In Central City, not far from the Superdome, a supportive housing program is providing stability, compassion and hope for chronically homeless people as they rebuild their lives.
Pebie was in her mid-30s when she started using crack cocaine. The drug would eventually drive her away from her family, away from her home in Birmingham, Ala., and into an increasingly desperate situation in New Orleans, where she finally landed on an odyssey of addiction.
“I have no family here in New Orleans,” she says. “I just came here to escape from my kids, I didn’t want them to see me on drugs. I didn’t want them to see me like that and I came here not knowing where to live, where to go or whatever.”
Hounded by crack, she became homeless and was wasting away. At one point she weighed just 76 pounds.
“And it took me to look in the mirror to see that I was just, you know, just drawn away, so I made up in my mind that this is not me, you know?” she remembers. “I know I’m better than this. So I decided you know just to get help.”
She found help from Progressive Baptist Church and its homeless outreach ministry. The church, first founded in 1895, is in Central City, just across the highway from the Superdome. Here, it operates its McCaleb Supportive Housing Program, which offers a home base where people can rebuild their lives.
“We have what you call in New Orleans chronically homeless, and the chronically homeless, like the individuals you may see under the bridge,” says church pastor Willie Gable, who is also executive director of the McCaleb Supportive Housing Program.
“We’ve been able to take individuals who were chronically homeless from that setting, from that environment, give them a place to stay, a place to call home, and their whole attitude and perspective changed, because of the place that they were living,” he says.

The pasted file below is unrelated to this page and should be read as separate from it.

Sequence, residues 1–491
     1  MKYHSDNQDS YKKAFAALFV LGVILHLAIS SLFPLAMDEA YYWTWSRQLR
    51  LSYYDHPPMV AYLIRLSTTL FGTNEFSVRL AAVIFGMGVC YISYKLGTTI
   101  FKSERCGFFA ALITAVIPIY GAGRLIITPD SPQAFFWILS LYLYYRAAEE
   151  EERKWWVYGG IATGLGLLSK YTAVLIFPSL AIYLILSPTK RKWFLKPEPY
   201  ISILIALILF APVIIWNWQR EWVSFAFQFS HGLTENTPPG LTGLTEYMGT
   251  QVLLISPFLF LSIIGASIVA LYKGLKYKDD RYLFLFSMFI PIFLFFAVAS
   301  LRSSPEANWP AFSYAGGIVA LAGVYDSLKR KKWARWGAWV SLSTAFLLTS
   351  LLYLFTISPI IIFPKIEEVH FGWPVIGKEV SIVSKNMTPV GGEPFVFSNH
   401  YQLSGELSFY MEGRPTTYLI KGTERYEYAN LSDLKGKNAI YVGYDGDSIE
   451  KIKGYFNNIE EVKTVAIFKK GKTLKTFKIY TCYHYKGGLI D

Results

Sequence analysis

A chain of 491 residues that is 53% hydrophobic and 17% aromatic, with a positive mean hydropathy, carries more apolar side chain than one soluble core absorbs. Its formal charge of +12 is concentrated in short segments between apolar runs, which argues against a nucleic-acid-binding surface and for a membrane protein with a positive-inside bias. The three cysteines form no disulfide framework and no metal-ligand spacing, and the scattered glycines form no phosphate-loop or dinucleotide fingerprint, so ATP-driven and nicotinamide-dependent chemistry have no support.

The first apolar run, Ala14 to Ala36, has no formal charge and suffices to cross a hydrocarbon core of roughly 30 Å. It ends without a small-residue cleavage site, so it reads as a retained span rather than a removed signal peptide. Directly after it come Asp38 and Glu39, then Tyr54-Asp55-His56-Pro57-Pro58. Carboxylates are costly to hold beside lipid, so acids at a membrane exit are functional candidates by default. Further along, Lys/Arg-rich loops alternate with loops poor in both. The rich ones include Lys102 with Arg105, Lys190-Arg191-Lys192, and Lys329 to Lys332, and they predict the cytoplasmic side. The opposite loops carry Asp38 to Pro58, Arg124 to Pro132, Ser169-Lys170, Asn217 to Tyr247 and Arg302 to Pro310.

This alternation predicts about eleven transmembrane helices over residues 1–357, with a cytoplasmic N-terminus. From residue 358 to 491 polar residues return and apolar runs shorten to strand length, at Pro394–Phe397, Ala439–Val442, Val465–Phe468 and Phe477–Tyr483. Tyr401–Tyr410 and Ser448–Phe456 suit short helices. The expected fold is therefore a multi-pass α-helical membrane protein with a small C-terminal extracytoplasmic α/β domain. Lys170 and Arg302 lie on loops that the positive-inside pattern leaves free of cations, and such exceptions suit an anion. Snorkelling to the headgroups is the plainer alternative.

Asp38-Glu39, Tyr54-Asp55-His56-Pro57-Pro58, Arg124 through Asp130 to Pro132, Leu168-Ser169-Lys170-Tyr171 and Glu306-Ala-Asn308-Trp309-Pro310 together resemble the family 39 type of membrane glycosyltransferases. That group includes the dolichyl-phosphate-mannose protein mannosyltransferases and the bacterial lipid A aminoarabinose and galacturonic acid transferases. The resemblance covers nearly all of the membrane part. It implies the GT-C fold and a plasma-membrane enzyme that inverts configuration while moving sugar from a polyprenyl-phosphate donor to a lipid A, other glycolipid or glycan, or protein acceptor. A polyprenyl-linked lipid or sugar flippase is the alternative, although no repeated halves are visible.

From its start providing emergency housing, the McCaleb program has evolved into a support network to address the root causes that lead people to the streets. Today, its clients are linked to supportive services, from addiction counseling and mental health therapy to job training.
“Some people say, alright you have a person who is dual diagnosed, with two problems, two issues or challenges in their lives,” says Gable. “We may get an individual who is quad diagnosed, they’ve got four issues. It might be substance abuse, mental health issues, HIV/AIDS, all of those things they are dealing with, but they have a place to stay so that provides some stability in their lives.”
For Pebie, that stability has made all the difference, says her case manager at McCaleb, Myra Banks.
“She’s been sticking around and we’re looking forward to moving her on up and climbing that ladder, because there’s no stopping you know,” says Banks.
Today, Pebie is 44. She has a home, she’s back in touch with her family, and she’s studied at a local occupational college to prepare for a career in healthcare. Her life still includes help from the McCaleb program to deal with her past, but now, it also includes hope, and plans for the future.
“I still want to go back to college because I really want to do radiology,” she says. “It’s going to get better for me, as long as I just keep God and faith with me I’ll be alright.”
Learn more about the McCaleb Supportive Housing Program at www.theprogressivebaptistchurch.org.